− 0.044

− 0.037

 

(0.049)

(0.050)

(0.050)

(0.045)

(0.050)

(0.046)

Wrocław

0.037

0.032

0.032

− 0.035

− 0.046

− 0.044

 

(0.037)

(0.037)

(0.037)

(0.039)

(0.041)

(0.040)

Crisis

0.022

0.016

0.022

0.00035

− 0.0044

− 0.011

 

(0.040)

(0.040)

(0.040)

(0.036)

(0.038)

(0.040)

Initiator

− 0.082**

− 0.081**

− 0.084**

− 0.082**

− 0.087**

− 0.078**

 

(0.029)

(0.029)

(0.030)

(0.028)

(0.031)

(0.028)

Ongoing

0.057

0.061

0.059

0.086

0.094

0.093

 

(0.046)

(0.046)

(0.047)

(0.10)

(0.11)

(0.10)

EX/mass

0.0053

0.0051

0.0050

− 0.0084

− 0.0091

− 0.0086

 

(0.038)

(0.038)

(0.038)

(0.015)

(0.015)

(0.014)

EX/TC

0.16*

0.16*

0.16*

0.13*

0.12*

0.14**

 

(0.089)

(0.089)

(0.090)

(0.068)

(0.068)

(0.069)

Mortgage

0.0019

0.0017

0.0020

− 0.0016

− 0.0013

− 0.0020

 

(0.0024)

(0.0024)

(0.0023)

(0.0013)

(0.0012)

(0.0015)

Impact

0.0086**

0.0086**

0.0085**

0.0033

0.0031

0.0034

 

(0.0019)

(0.0018)

(0.0019)

(0.0030)

(0.0029)

(0.0031)

TL/TA

0.00010**

0.00010**

0.00010**

1.5e−05

1.5e−05

1.1e−05

 

(2.9e−05)

(2.8e−05)

(2.9e−05)

(3.5e−05)

(3.5e−05)

(3.3e−05)

CR

0.082*

0.083*

0.082*

0.050

0.048

0.052

 

(0.047)

(0.046)

(0.047)

(0.057)

(0.058)

(0.055)

Surviving

 

− 0.046

  

− 0.00015*

 
  

(0.032)

  

(8.7e−05)

 

TC/mass

  

− 5.2e−05

  

− 0.089**

   

(6.0e−05)

  

(0.042)

Na

288

288

287

288

287

288

Adj. R2

0.11

0.11

0.11

− 0.00

− 0.00

0.01

lnL

3.2

4.2

3.1

− 90

− 89

− 88

Standard errors in parentheses

*Indicates significance at the 10% level

**Indicates significance at the 5% level

aFull dataset type: undated Range: 1–310 (n = 310), the final subsampled data type: undated Range: 1–288 (n = 288), the dataset was reduced due to the omission and correction of outlining observations

The recovery rate and efficiency do not share the same set of significant variables. The recovery rate is influenced by the Gdansk court and contrasts to efficiency, which is not influenced by the courts. In terms of fit recovery models outperform efficiency models this suggests differences in perception in the proceedings namely, courts tend to focus on the amounts collected rather than the timing of the proceedings. This observation supports the activity of creditors during proceedings and initial leverage and current ratio, which increases the recovery rate, but does not impact efficiency significantly. Fabbri and Padula (2004) demonstrated that increases in inefficiency raise the household probability of credit downgrading.11 Our results, in addition, suggest that the inefficiency perception differs with the perspective of time.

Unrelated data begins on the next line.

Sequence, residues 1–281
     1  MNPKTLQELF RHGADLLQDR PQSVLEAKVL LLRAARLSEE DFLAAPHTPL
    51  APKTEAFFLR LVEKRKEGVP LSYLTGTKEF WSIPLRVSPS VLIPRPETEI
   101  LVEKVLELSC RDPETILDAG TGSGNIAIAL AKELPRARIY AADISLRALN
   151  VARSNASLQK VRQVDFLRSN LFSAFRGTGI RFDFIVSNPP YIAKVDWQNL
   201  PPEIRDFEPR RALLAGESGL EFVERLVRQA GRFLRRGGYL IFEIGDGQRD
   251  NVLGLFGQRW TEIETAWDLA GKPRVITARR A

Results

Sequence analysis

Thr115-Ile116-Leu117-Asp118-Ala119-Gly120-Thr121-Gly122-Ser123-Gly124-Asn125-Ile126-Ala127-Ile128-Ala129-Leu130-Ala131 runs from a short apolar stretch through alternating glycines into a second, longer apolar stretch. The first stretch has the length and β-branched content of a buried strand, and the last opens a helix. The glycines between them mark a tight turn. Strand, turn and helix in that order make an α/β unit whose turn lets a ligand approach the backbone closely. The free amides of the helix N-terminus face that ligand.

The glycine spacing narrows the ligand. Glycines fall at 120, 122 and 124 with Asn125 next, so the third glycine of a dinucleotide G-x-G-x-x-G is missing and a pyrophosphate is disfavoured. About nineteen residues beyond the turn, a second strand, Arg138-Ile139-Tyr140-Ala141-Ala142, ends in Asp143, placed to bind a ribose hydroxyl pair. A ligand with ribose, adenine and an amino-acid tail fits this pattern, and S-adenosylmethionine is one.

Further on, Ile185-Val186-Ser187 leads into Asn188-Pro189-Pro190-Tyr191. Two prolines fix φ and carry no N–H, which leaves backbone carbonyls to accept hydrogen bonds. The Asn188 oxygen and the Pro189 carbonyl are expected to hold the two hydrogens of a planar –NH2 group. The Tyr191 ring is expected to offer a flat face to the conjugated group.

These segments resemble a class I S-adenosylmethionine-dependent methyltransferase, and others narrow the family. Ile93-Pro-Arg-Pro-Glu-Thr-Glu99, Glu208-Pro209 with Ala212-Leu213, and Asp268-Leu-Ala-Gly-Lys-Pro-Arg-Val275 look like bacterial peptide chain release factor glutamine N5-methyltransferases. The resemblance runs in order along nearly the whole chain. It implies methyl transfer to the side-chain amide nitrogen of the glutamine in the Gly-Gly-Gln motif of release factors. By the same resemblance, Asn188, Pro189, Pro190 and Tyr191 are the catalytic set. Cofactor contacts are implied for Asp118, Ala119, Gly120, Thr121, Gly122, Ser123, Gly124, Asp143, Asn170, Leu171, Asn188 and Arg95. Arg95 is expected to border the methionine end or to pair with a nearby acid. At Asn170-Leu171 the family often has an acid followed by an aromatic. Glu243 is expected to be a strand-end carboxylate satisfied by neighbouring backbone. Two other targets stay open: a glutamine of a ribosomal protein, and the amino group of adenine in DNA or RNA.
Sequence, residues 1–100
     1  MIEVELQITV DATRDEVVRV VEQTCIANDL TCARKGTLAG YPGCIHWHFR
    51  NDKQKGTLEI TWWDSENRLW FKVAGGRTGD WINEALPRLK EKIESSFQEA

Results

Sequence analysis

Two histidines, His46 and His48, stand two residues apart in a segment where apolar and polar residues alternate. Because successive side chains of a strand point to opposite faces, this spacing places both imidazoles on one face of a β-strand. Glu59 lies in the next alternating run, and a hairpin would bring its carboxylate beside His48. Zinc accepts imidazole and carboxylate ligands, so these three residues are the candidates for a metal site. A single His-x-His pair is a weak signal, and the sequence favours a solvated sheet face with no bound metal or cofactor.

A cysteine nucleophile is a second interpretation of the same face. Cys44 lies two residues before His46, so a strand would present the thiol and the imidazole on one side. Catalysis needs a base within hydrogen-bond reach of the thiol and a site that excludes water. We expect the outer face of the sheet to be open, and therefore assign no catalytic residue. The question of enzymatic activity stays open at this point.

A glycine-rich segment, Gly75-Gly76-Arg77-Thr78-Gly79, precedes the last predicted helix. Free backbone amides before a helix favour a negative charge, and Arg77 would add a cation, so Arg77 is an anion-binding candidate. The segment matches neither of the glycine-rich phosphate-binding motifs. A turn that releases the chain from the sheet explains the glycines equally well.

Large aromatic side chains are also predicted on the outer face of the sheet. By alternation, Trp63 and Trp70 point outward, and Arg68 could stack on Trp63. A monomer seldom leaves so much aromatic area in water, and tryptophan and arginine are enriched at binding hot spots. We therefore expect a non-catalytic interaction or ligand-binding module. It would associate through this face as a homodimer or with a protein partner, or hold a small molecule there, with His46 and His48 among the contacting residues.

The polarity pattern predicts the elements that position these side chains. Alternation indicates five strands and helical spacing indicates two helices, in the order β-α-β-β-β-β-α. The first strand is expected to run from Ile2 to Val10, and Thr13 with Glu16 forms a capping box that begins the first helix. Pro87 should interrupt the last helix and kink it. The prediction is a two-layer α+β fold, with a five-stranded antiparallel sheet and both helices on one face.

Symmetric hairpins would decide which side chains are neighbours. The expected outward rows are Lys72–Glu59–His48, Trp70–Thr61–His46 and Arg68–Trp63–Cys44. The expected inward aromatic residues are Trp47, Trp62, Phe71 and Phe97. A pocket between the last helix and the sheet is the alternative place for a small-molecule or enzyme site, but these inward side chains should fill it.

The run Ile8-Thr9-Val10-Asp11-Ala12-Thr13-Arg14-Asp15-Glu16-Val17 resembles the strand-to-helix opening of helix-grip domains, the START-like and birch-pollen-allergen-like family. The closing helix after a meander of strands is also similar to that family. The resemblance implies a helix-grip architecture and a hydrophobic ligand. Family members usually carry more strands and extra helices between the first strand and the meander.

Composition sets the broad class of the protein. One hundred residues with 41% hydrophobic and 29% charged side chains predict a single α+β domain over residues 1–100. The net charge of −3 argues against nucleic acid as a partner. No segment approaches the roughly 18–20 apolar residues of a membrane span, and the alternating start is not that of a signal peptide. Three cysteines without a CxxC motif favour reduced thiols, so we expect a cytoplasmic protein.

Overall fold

For both intersections, the prompt reaction of debtors to enter proceedings, saved costs, and improved efficiency. The ability of the firm to survive as a going concern and the execution costs in relation to the total assets are weak instruments for average rate of return and inefficiency. The ability of the judges to control the trustee expenses against the total proceeding costs directly impacts upon the rate and efficiency; however, we observe a positive relation. The unexpected sign of the parameters suggests a cost-benefit selection. Professional trustees are expensive, but the services are offset with other costs in the proceedings (marginal results for execution costs to total costs variable). This is however subject to the time aspect; the ability to survive as a going concern requires investment during proceedings. There is a continuous trade off between prevention as a going concern and efficiency. This observation is supported by the insignificant impact of the going concern sale to the overall rate of return and efficiency, even if the sign of the parameters supports the view that this is a cost saving action.